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Date:	Wed, 29 Nov 2006 23:12:58 -0800 (PST)
From:	David Miller <davem@...emloft.net>
To:	mingo@...e.hu
Cc:	wenji@...l.gov, akpm@...l.org, netdev@...r.kernel.org,
	linux-kernel@...r.kernel.org
Subject: Re: [patch 1/4] - Potential performance bottleneck for Linxu TCP

From: Ingo Molnar <mingo@...e.hu>
Date: Thu, 30 Nov 2006 07:47:58 +0100

> furthermore, the tweak allows the shifting of processing from a 
> prioritized process context into a highest-priority softirq context. 
> (it's not proven that there is any significant /net win/ of performance: 
> all that was proven is that if we shift TCP processing from process 
> context into softirq context then TCP throughput of that otherwise 
> penalized process context increases.)

If we preempt with any packets in the backlog, we send no ACKs and the
sender cannot send thus the pipe empties.  That's the problem, this
has nothing to do with scheduler priorities or stuff like that IMHO.
The argument goes that if the reschedule is delayed long enough, the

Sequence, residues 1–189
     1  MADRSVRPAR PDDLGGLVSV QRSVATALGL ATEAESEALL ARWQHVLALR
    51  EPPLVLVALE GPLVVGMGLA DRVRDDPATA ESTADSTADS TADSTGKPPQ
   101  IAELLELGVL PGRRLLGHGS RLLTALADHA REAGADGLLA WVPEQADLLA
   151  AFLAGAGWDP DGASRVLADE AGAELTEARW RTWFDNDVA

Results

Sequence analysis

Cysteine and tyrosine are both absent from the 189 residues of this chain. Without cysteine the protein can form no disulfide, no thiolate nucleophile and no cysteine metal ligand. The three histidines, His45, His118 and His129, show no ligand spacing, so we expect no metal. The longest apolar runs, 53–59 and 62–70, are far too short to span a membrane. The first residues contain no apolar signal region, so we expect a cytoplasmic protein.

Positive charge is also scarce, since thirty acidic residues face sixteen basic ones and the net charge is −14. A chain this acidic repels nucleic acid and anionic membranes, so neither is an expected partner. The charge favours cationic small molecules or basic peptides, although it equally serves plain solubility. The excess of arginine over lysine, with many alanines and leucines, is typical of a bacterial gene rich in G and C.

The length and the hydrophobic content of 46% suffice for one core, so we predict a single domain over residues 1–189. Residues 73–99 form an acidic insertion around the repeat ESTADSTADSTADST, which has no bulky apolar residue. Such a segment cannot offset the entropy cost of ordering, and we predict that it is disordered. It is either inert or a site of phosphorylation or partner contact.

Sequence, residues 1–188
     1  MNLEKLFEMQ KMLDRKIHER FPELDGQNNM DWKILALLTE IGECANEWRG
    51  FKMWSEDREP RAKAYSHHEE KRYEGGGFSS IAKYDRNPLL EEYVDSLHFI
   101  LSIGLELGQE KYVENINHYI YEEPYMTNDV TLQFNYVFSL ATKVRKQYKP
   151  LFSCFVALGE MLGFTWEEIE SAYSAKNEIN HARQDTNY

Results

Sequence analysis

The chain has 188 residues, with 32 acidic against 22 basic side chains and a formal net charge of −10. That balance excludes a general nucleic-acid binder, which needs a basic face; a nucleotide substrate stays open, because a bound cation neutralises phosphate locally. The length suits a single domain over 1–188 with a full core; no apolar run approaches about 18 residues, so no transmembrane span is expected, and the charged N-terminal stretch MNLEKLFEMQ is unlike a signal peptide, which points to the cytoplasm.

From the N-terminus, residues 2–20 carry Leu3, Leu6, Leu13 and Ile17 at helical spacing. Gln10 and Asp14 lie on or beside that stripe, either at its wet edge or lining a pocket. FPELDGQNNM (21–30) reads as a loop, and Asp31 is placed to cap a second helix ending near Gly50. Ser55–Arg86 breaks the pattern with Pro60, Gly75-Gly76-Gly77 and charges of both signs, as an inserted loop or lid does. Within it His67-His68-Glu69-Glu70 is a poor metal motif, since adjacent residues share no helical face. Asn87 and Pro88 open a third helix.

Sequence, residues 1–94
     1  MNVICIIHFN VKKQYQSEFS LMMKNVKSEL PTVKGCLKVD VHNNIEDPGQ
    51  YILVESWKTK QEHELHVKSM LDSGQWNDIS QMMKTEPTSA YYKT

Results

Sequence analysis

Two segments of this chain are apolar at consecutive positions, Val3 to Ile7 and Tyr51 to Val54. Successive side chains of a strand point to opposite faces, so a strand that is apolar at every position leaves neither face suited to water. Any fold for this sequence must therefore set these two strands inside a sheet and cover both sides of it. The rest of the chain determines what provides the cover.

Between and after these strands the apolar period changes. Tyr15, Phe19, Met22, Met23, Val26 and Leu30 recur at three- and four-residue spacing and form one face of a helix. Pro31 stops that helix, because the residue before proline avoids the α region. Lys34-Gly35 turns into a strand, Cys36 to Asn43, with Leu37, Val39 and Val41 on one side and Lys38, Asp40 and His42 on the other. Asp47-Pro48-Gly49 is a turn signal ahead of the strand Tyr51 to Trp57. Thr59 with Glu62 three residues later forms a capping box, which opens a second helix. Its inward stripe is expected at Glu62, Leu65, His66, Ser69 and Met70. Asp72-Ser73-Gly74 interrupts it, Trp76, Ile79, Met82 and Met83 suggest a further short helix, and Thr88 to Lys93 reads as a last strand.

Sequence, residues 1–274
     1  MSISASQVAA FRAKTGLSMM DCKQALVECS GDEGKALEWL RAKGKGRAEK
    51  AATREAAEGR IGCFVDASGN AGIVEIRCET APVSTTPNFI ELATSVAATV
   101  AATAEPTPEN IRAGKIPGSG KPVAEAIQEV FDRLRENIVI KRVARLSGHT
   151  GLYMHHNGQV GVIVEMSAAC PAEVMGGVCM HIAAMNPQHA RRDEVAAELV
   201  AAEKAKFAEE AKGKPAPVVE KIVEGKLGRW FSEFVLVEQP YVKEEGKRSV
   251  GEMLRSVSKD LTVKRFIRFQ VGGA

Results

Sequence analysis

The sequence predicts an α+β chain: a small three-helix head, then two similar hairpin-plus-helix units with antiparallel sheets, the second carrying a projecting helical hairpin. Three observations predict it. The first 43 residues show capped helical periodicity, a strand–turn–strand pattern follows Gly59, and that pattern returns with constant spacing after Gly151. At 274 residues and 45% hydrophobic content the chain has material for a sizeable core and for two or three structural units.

ACKs will exceed the round trip time and trigger retransmits which
will absolutely kill performance.

The only reason we block input packet processing while we hold this
lock is because we don't want the receive queue changing from
underneath us while we're copying data to userspace.

Furthermore once you preempt in this particular way, no input
packet processing occurs in that socket still, exacerbating the
situation.

Anyways, even if we somehow unlocked the socket and ran the backlog at
preemption points, by hand, since we've thus deferred the whole work
of processing whatever is in the backlog until the preemption point,
we've lost our quantum already, so it's perhaps not legal to do the
deferred processing as the preemption signalling point from a fairness
perspective.

It would be different if we really did the packet processing at the
original moment (where we had to queue to the socket backlog because
it was locked, in softirq) because then we'd return from the softirq
and hit the preemption point earlier or whatever.

Therefore, perhaps the best would be to see if there is a way we can
still allow input packet processing even while running the majority of
TCP's recvmsg().  It won't be easy :)
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